Universal Pictures smartly debuted “Neighbors,” the raunchy, R-rated comedy starring Seth Rogen, Rose Byrne and Zac Efron as the titular domestic warmongers, at SXSW 2014, where it picked up great word-of-mouth from festival-goers and critics alike. (Red Band trailer and Rogen on Conan O’Brien below.)
These two male leads couldn’t be further apart, in both looks and appeal. But therein lies the humor of Nicholas Stoller’s directorial followup to 2008’s smash hit “Forgetting Sarah Marshall” –since then he’s been the screenwriter sauce behind the two recent “Muppets” movies, “The Five-Year Engagement,” “Get Him to the Greek” and “Yes Man.”
Stoller is the real deal. This well-constructed contemporary comedy reveals Rogen and “Bridesmaids” star Rose Byrne at their whip-smart best as hip young parents who are reveling in their new baby (the most adorable movie baby ever) until new neighbors move in next door. It’s the nightmare from hell: a raucous fraternity house dominated by ringleader Zac Efron. At first Rogen and Byrne make nice with the enemy, trying a tad too hard to be cool and showing them that they too, baby monitor in hand, can party all night. While Efron and his boys play along, they have no intention of changing their wild ways and the neighbors are soon engaged in all-out war.
Stoller inventively ratchets up the stakes and physical slapstick as the 30-somethings and Efron’s frat boys attack and counter. One skit involving the well-placed deployment of exploding airbags is hilarious. Efron is unexpectedly winning as a dimwitted bully with great abs; offering stalwart support are Dave Franco, brother of James, Jake Johnson and Lisa Kudrow. Produced by Mandate (“Juno”), the film was shot in less than two months on an $18 million budget.
Universal should be over the moon when “Neighbors” goes wide on May 9 to boffo box office returns. Here’s what critics are saying so far — and with 100% on the Tomatometer, reviews are across-the-board gold.
The Hollywood Reporter writes:
“Neighbors” represents a more real-world point of view than “Animal House” and “Old School,” one that understands frat-boy excess not as a joyous manifestation of Bacchanalian life-force, but as a pointless, retrograde enterprise that should be stomped mercilessly — even if the middle-class banality that quashes it isn’t everyone’s ideal of adulthood. If a shirtless Zac Efron sells tickets, the sight of him being bested by proudly flabby Seth Rogen may sell just as many. Isn’t it strange to see Seth Rogen becoming a model for the young American grown-up?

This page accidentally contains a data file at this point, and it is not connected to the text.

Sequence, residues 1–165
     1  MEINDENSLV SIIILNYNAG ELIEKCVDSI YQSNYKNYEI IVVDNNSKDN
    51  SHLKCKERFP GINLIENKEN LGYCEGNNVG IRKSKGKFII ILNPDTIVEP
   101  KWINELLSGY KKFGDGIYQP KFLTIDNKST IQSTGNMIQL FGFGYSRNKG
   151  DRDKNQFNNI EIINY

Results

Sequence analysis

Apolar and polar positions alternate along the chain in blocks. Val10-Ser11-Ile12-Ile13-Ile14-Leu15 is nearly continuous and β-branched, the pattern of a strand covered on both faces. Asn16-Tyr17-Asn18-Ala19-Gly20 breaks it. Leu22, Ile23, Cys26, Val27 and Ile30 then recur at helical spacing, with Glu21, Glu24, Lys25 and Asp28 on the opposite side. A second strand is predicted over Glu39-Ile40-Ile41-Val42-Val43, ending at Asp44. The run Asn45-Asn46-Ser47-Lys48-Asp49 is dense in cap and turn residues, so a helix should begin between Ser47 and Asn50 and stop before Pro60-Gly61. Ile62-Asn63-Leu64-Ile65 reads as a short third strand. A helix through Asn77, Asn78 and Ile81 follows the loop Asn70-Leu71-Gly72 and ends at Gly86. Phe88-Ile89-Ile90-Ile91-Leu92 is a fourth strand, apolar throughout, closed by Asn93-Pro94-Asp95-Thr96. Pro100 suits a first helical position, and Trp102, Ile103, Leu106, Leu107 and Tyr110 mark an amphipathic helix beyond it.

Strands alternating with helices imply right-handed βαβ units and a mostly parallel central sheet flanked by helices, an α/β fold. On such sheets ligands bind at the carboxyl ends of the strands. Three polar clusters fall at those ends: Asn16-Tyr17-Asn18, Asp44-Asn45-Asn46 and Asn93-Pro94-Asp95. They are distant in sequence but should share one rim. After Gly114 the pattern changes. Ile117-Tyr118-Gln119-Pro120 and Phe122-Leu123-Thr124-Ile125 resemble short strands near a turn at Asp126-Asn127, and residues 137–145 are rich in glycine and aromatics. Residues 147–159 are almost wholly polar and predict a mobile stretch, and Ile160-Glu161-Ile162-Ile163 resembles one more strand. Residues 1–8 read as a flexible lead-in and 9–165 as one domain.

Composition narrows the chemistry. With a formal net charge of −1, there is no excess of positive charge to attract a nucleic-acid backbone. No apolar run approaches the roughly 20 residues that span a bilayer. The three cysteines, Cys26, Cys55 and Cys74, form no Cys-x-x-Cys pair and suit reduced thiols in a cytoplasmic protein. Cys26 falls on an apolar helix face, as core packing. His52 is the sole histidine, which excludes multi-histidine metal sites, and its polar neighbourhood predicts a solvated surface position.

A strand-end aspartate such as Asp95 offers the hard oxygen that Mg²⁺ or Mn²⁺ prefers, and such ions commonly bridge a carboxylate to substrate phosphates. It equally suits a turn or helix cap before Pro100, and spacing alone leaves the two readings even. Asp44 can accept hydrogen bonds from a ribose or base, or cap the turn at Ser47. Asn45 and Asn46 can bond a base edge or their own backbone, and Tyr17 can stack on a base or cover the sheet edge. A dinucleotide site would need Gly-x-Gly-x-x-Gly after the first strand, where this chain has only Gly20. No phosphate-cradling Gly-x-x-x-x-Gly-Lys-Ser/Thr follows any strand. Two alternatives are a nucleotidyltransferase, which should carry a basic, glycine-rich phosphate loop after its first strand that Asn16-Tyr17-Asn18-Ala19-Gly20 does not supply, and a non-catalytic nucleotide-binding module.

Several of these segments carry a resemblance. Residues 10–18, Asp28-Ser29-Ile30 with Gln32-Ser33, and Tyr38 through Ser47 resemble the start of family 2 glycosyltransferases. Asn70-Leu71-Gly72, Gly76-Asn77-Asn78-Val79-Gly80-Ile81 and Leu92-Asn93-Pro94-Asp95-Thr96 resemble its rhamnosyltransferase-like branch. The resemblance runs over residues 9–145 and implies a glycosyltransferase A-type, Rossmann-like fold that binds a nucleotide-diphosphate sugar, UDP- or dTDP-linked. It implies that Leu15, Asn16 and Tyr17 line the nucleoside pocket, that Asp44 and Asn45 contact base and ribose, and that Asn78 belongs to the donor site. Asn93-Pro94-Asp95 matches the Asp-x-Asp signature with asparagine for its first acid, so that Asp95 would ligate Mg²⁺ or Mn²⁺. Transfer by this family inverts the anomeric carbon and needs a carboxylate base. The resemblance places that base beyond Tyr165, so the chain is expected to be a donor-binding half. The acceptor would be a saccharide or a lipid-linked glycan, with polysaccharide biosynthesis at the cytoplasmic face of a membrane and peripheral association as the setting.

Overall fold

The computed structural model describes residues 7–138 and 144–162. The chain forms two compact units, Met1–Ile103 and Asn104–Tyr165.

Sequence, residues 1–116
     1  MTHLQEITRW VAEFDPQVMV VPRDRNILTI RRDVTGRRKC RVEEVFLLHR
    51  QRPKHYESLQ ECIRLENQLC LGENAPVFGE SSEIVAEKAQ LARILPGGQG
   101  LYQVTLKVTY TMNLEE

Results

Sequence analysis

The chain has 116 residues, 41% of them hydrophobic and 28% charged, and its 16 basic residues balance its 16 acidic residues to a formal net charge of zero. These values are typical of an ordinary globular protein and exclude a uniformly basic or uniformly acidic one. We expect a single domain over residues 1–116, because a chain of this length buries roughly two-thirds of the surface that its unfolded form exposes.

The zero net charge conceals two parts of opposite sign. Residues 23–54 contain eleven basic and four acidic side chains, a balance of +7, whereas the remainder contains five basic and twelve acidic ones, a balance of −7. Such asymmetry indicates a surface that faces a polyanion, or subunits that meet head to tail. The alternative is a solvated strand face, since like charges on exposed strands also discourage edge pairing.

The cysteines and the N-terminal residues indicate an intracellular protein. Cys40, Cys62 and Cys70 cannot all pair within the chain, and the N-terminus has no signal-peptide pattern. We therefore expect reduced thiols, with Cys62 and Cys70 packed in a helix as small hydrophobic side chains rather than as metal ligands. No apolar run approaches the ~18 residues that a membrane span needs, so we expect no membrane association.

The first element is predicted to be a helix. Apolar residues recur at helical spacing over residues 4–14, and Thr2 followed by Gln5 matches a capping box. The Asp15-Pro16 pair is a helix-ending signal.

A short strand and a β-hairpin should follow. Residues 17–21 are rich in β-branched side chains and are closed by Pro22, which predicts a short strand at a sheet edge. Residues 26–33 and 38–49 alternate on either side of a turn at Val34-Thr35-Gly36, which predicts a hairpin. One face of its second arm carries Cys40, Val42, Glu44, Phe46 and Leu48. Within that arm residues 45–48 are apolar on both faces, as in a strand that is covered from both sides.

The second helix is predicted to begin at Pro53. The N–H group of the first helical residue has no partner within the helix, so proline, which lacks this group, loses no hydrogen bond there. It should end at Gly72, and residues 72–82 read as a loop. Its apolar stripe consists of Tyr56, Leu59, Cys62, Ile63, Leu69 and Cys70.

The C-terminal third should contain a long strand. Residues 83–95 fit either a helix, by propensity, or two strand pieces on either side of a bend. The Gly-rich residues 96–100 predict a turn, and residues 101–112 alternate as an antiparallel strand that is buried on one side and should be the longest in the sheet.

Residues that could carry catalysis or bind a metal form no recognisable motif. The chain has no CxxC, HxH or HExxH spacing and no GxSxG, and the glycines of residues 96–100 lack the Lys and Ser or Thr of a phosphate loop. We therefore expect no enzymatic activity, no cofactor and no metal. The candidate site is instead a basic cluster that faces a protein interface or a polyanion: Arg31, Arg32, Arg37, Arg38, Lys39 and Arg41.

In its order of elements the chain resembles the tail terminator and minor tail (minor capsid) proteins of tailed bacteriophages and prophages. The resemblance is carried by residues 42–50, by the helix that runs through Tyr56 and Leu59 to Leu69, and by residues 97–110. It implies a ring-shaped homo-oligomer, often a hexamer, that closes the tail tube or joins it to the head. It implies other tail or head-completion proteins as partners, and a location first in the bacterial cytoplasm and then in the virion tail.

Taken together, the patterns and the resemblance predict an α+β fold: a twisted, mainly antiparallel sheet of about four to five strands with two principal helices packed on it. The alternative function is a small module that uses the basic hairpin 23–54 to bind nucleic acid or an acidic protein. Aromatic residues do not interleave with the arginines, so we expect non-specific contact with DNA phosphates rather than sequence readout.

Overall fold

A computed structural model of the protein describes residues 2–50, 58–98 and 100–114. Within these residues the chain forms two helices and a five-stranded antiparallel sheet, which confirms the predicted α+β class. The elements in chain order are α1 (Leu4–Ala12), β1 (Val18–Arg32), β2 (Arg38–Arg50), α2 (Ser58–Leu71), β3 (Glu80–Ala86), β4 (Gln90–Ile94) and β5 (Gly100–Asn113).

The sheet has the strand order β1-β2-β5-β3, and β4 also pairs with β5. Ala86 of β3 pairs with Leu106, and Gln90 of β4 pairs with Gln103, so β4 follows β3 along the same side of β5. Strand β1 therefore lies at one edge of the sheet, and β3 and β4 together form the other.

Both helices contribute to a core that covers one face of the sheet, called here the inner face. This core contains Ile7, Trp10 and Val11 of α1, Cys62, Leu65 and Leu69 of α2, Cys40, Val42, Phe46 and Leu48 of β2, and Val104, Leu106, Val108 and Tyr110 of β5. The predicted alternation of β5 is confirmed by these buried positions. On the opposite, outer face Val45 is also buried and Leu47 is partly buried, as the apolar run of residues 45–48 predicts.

Variety praises Efron’s “credible and intriguing” performance:
Lewder, weirder, louder, leaner, meaner and more winningly stupid than anything its director Nicholas Stoller and star Seth Rogen have ever been involved with before, frat comedy “Neighbors” boasts an almost oppressive volume of outrageous gags, and provided that audiences don’t mind the lack of anything resembling a coherent story arc, its commercial potential ought to be enormous.
HitFix says it’s a new comedy classic:
“Neighbors” is a comedy people will return to often, and I would hope it leads to much more work for the writers. Stoller is already in demand, but I think this is going to make people reassess just how good he really is. What we saw tonight is technically a work-in-progress, but it felt very polished already. I may have a slightly sore throat as I head to bed tonight, but it’s sore from laughing. One of the highest compliments I can pay to any film is to say I can’t wait to see them again, and that is absolutely true of “Neighbors.”
Film School Rejects laughed their heads off:
The physical comedy and sight gags are well choreographed, but the film doesn’t lean too heavily on jackassery for its laughs. Nor does it treat the frat boys solely as adversaries, giving us scenes from Teddy and Pete’s point of view to flesh them out (and “flesh” is definitely the right word). It would be easy in a comedy like this to do nothing but make fun of frat boys, but “Neighbors” doesn’t take the easy way out.
The Playlist loves Rose Byrne:
Efron and Rogen are flanked by a ridiculously terrific supporting cast, including Ike Barinholtz as Rogen’s best friend, Lisa Kudrow as the dean of the frat’s college, “Submarine” star Craig Roberts as a pledge known as “Assjuice” and Christopher Mintz-Plasse as another fraternity brother (one whose, um, member is legendarily huge). But the breakthrough performance in the movie, and the one that took tonight’s SXSW screening by storm, is Rose Byrne.